Armor quality of the Tiger I

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Avalancheon
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Armor quality of the Tiger I

Post by Avalancheon » 29 Nov 2018 15:27

Not too long ago, I created a thread to discuss the armor quality of the Panzer III and IV. I did this after reading an article from the tankarchives blog, which discussed a ballistics test on those vehicles. This led to an excellent discussion between myself, critical mass, mobius, and others.

We talked briefly about the performance of the Tiger I, and how it compared to the Tiger II. The article from tankarchives shows that it had a rather poor quality. Thats something I would like to go into more detail about now.

Is anyone willing to take a guess how the 85mm gun was able to pierce the Tiger Is glacis from 1000 meters? The Wa Pruef figures state that from an angle of 30 degrees, the 85mm can only penetrate the hull from between 200 and 300 meters. So even at a 0 degree angle, they shouldn't be able to make those kindof shots!

http://tankarchives.blogspot.com/2013/0 ... igers.html

Avalancheon
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Re: Armor quality of the Tiger I

Post by Avalancheon » 30 Nov 2018 06:39

Another thing that interests me is that in his overview of the report, tankarchives did not mention that the 76mm F-34 gun was tested against the Tiger. Maybe it didn't serve his agenda of making all German armor look bad...

I found out that five shots were fired at a target of 100mm thickness, only of which penetrated (when it hit an edge). This had to be either the front turret or the front hull, nothing else on the Tiger I was that thick.

If anyone can translate this for me and interpret what actually happened, I would appreciate it alot!

Image

Image

For those who are interested in reading more, you can download the full report here:
http://www.mediafire.com/file/wo3q5irju ... 77_12.djvu

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Mobius
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Re: Armor quality of the Tiger I

Post by Mobius » 30 Nov 2018 13:09

Holy cow.
I didn't mean to go on a rant about this but I just noticed the Wikipedia on the Russian 85mm gun exclusively uses Lorrin Bird and Robert Livingston calculated penetration data. Actual official data is missing. The data of German guns so far does still include German data along with calculated data, Thankfully we still have Panzerworld data and this great forum to supply good data.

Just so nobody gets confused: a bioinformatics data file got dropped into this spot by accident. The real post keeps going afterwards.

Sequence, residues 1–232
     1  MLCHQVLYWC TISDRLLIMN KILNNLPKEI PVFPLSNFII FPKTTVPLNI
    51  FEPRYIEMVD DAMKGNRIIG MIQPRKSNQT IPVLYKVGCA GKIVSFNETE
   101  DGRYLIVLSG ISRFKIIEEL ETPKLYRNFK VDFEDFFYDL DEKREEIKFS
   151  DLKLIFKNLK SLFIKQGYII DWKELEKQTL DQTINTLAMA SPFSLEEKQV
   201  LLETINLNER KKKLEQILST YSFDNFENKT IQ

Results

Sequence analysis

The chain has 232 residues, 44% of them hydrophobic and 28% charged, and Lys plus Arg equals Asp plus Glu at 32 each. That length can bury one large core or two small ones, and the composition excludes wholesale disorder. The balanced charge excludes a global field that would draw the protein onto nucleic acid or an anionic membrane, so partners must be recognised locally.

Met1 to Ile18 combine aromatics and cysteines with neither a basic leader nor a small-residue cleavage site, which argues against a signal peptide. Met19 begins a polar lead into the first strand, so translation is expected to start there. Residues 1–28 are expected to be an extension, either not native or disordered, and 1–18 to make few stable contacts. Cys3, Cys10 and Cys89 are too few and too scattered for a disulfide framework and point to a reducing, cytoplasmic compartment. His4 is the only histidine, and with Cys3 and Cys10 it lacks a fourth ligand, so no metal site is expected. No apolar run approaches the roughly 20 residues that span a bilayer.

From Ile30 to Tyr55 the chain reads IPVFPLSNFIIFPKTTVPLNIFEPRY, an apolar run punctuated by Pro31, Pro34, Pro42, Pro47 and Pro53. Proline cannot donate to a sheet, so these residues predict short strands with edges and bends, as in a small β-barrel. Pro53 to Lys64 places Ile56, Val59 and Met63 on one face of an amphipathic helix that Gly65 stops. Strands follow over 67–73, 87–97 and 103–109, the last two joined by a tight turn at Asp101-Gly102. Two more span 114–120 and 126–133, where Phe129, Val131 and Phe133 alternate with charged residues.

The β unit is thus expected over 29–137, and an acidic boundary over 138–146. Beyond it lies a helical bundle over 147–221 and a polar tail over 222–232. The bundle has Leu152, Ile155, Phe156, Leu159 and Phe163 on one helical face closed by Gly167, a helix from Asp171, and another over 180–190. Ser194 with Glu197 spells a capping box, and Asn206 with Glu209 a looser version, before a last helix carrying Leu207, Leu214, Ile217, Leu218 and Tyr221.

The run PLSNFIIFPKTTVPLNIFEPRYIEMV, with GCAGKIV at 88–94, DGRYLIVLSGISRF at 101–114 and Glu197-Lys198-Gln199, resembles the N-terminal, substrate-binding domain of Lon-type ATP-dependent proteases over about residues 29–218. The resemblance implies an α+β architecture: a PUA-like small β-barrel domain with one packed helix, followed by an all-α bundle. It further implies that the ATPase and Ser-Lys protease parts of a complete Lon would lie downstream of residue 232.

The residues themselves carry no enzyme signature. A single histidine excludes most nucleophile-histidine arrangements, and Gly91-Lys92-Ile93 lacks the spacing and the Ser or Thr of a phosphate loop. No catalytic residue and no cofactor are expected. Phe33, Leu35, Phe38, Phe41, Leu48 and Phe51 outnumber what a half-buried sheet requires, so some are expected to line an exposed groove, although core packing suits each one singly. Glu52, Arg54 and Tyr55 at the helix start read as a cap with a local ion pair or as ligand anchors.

Bad money drives out good money. I hope it isn't that way with data.

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Re: Armor quality of the Tiger I

Post by Yoozername » 30 Nov 2018 14:48

The Soviet 85mm gun, penetration-wise, was comparable to the US 76mm weapon. I believe even the Soviets stated as much also. The 'Yugo-tests' are in agreement as far as their testing on a variety of AFV and armor types. Generally, the US 76mm weapon was not considered as a Tiger-Killer at 1000 meters. This is, of course, not hard data but still I would find that much of what is stated at 'tank-archives' is not worth discussing. I just look to see what the actual reports are, if he links them. I actually saw critical mass posting there and asked him to visit this website.

As far as the actual armor quality of the Tiger I, the frontal armor may have been of a better quality than the sides. I believe I read that the frontal armor was bought and completed in just a few lots. The Germans had just contracted for 1500 machines or so, and the manufacturers obtained it accordingly, so I would think that QC would not be spread out over much time and attempts. The lower frontal hull is more inclined than the upper hull, and designed to have the extra tracks stored across it. Perhaps the designers thinking that the drive components would not be easily swapped out (turret needed removal, etc). The turret front was well armored even if a casting.

Avalancheon
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Re: Armor quality of the Tiger I